- Orthodontics -
Orthodontics is the teeth straightening speciality. Although teeth are held stationary in the bone, they can be moved with small constant forces; this is how braces work. However, it is not only braces that can move teeth. Any constant force can do this, with the most common causes that we see being use of a dummy or thumb sucking in children. This for example causes a narrower palate to develop, resulting in a more crowded and narrow upper arch, with the teeth becoming overlapped, and failing to meet properly. Thus, there are many reasons for pursuing orthodontic treatment:
Orthodontic treatment is commonly initiated in children once all the adult teeth have erupted, and we can arrange referral to an orthodontic specialist at the appropriate time. In children, the timing is important as often the facial growth can be harnessed to adjust the facial contours, and correct issues such as a narrow palate. In addition, their bone is softer, meaning that teeth usually move faster, resulting in shorter treatment times.
Orthodontics is not limited to children, and an increasing number of adults are taking advantage of modern dentistry to improve their smiles.
It is critical to understand that the long term success of all orthodontics, whether in children or adults, is linked to the use of retainers; these are issued at the end of orthodontic treatment, and need to be worn, typically at night long term, to prevent the teeth from drifting out of place. They are usually clear, and look like the retainer in the Invisalign picture below.
TYPES OF ORTHODONTICS
Orthodontics is carried out using a few different types of appliances:
Removable appliances - as the name suggests, these can be taken out of the mouth, so good compliance is required from the patient! They are used typically to tilt teeth, although there are also appliances used to modify the growth of the jawbones. Occasionally at the end of treatment, the retainers may be made in this format.
Fixed braces - “train tracks”. These are the most commonly used orthodontic appliances, and are very effective, as they can be used to move a whole tooth through the bone, rather than just tip it as with removable appliances. There are many different systems, and your specialist will select the appropriate one for each case. Some rapid fixed appliance systems also exist, which aim to reduce the total treatment time, and are aimed more commonly at adults (for example ‘Six Month Smiles’). Classically, the brackets and wires are made of metal, although modern clear and porcelain brackets, together with white coated wires are now available to reduce the visibility in the mouth. Fixed braces can sometimes be applied to the tongue side of the teeth to reduce their visibility, and your orthodontist can advise as to the suitability of ‘lingual orthodontics’ for you.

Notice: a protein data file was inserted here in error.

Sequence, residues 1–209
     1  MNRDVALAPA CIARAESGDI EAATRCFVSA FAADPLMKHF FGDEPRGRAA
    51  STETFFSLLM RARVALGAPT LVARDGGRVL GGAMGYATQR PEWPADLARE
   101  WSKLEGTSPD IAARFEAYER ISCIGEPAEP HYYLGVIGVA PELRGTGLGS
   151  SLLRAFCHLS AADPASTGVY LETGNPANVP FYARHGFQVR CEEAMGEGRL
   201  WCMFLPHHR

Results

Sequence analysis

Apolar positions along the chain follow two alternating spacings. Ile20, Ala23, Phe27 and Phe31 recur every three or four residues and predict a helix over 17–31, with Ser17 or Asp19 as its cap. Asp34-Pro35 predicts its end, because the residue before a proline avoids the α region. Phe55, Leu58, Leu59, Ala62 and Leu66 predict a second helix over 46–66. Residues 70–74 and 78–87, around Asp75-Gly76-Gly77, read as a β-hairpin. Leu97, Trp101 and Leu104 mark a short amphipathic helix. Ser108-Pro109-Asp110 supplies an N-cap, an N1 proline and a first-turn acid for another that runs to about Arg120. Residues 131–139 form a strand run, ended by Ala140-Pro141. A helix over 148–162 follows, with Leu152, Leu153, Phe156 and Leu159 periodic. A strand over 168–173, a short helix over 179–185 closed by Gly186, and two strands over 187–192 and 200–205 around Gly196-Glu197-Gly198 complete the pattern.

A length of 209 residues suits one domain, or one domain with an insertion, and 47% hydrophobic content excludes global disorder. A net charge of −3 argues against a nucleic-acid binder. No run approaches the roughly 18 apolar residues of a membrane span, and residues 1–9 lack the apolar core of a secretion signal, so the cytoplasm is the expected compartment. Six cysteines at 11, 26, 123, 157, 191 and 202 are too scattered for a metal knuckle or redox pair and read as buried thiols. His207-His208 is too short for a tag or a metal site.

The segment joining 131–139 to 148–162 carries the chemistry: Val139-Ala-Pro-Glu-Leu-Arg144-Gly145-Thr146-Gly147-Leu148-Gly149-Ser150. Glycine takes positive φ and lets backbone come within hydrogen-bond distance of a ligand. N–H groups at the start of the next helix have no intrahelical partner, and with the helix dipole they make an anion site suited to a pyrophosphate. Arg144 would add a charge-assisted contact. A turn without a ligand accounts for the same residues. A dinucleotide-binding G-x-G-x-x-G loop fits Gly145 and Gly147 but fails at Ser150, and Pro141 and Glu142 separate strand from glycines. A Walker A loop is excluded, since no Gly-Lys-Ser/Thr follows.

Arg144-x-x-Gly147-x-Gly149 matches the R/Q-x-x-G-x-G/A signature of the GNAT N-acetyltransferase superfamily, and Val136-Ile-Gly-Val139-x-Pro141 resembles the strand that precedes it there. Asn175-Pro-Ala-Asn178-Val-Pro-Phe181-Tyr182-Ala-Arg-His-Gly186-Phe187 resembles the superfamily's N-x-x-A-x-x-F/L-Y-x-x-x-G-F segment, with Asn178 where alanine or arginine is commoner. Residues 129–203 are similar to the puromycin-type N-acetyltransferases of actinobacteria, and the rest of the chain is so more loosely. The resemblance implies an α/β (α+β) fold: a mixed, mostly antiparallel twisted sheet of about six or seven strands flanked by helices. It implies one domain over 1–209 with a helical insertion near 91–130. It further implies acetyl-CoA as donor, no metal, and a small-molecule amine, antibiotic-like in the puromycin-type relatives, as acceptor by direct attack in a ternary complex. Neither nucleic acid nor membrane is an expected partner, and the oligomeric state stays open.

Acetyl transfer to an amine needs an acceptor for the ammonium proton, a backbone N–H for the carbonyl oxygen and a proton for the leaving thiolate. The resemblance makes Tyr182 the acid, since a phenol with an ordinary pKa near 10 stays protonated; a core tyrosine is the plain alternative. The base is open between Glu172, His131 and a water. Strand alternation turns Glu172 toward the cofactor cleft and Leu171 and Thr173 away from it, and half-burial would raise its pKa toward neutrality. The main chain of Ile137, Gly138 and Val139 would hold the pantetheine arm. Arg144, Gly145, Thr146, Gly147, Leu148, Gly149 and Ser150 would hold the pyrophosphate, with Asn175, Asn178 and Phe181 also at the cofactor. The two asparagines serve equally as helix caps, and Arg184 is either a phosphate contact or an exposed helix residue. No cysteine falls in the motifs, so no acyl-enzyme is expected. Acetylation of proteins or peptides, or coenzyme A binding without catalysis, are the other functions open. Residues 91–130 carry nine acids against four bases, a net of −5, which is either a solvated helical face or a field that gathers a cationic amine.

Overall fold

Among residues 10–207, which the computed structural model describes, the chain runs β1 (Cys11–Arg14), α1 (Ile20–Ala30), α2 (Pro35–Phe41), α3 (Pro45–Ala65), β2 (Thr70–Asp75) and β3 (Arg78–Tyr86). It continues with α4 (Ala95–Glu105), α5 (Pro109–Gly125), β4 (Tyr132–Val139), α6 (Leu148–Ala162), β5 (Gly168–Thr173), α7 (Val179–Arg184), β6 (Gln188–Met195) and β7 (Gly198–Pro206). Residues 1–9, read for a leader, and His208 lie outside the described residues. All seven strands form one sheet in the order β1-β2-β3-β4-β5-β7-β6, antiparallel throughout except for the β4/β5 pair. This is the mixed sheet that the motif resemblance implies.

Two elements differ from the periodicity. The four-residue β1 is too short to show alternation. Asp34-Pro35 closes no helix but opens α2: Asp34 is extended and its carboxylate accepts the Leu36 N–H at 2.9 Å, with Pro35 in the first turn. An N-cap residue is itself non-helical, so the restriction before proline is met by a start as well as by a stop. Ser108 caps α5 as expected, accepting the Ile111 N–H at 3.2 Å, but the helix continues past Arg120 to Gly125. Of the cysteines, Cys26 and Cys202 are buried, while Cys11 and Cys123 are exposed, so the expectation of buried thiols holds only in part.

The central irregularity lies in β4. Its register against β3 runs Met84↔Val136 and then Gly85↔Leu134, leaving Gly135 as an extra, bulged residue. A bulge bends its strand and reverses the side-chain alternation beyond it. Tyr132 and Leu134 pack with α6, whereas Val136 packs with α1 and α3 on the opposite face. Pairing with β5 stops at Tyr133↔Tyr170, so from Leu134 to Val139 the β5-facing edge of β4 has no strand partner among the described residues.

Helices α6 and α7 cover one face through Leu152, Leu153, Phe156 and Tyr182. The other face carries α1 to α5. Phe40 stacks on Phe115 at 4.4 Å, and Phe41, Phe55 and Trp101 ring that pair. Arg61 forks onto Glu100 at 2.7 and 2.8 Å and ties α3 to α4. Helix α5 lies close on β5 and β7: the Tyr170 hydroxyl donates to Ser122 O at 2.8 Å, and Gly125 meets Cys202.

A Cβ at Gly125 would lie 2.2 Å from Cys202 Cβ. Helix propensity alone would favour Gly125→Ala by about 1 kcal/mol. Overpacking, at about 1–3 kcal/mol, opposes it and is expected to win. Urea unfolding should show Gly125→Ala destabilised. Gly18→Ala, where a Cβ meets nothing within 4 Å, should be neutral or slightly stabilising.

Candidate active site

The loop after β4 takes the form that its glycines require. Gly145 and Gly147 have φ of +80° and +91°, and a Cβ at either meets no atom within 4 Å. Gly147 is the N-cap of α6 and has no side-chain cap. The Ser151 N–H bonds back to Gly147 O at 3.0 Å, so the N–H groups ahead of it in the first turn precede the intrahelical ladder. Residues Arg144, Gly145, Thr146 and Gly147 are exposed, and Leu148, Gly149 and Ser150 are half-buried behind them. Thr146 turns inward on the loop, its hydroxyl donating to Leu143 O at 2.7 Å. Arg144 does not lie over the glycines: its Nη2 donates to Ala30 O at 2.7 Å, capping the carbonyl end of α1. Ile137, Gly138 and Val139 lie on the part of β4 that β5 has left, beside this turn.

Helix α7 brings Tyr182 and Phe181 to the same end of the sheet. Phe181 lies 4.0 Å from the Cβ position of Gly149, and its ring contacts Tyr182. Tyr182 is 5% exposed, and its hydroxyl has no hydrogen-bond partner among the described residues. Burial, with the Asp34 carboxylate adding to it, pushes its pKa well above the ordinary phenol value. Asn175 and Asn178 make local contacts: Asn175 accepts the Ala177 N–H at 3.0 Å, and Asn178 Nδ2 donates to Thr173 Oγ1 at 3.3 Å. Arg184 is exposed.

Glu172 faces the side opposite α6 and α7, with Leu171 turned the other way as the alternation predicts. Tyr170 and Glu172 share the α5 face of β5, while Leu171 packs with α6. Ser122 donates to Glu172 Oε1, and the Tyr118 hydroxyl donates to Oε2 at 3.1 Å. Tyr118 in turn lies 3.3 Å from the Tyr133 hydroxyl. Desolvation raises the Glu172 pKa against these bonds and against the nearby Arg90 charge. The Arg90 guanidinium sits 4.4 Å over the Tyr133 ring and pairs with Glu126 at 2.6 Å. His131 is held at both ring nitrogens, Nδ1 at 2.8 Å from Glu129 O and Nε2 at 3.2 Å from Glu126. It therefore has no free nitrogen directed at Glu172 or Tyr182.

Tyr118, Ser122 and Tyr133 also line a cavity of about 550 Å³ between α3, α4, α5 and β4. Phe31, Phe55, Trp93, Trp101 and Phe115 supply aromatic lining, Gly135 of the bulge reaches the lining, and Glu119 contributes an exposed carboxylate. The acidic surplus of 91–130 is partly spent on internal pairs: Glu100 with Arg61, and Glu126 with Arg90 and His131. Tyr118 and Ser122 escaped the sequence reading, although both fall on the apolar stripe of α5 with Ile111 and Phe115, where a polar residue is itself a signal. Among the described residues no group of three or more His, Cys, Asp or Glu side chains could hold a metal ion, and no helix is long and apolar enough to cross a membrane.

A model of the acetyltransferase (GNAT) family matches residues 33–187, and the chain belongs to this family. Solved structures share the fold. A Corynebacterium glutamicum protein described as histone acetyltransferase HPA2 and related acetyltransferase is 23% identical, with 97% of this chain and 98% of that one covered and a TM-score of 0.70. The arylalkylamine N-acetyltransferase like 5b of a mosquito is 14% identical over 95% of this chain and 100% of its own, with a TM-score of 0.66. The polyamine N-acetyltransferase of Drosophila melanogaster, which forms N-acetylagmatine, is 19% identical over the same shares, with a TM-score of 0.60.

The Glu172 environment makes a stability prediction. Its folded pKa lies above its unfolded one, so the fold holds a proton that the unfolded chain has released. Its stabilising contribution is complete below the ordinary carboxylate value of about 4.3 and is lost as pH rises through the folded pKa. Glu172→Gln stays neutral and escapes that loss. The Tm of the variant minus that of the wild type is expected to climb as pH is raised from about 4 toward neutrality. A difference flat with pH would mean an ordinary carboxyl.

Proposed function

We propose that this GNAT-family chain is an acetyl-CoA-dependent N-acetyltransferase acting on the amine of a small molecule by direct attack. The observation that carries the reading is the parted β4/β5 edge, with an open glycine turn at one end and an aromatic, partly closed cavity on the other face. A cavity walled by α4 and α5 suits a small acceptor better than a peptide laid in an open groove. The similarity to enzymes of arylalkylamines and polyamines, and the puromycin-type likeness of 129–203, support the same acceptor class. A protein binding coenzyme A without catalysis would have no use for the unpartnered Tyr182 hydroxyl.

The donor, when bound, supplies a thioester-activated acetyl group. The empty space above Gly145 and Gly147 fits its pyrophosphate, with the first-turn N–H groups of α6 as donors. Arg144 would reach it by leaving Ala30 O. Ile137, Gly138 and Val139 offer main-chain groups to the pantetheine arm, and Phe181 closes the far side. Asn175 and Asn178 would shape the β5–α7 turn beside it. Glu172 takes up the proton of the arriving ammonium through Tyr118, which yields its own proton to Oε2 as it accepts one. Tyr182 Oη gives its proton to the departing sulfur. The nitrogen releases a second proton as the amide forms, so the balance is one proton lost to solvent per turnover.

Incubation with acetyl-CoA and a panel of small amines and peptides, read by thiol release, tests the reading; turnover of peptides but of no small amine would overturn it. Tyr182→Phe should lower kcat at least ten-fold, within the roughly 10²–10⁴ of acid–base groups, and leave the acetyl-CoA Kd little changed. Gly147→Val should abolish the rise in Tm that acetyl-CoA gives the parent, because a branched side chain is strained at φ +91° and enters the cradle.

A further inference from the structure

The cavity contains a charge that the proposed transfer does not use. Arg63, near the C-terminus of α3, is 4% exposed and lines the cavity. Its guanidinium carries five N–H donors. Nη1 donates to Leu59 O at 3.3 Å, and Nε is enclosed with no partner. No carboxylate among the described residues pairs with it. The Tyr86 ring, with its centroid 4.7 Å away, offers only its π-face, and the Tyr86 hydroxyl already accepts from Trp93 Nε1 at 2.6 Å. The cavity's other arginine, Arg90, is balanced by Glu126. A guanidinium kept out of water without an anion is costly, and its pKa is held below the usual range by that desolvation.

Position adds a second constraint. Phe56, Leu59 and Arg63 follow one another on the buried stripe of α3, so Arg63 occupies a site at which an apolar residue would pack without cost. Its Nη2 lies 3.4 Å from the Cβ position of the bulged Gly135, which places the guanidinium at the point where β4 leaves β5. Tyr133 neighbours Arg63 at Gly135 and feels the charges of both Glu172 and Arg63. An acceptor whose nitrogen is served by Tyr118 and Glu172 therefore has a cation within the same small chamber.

Clear Aligners - Invisalign is the most established clear aligner system. It involves a series of clear sheaths that fit over the teeth, and are virtually invisible. Multiple iterations of aligners are made, each one coaxing a small amount of movement from the teeth, until the next is required.
In this way orthodontics can be carried out virtually invisibly to correct overcrowded teeth, widely spaced teeth and other problems. There are no metal brackets or wires, and each aligner is used for approximately 2 weeks.
Heathwood Dental Practice
1 Kings Road, Crowthorne,
Berkshire. RG45 7BF
Retainers - These are issued at the end of treatment, and are critical to long term success of orthodontics. Teeth have a tendency to drift back towards their previous position, with certain movements such as rotations particularly prone to relapse. Retainers are usually clear sheaths, much like the clear aligner shown in the photo above, which are worn at night for the long term, and stabilise the position of the teeth to prevent any regression. Your orthodontist may also bond some wire to the inside of the front teeth to act as an adjunctive non removable retainer.
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Heathwood Dental Practice
1 Kings Road,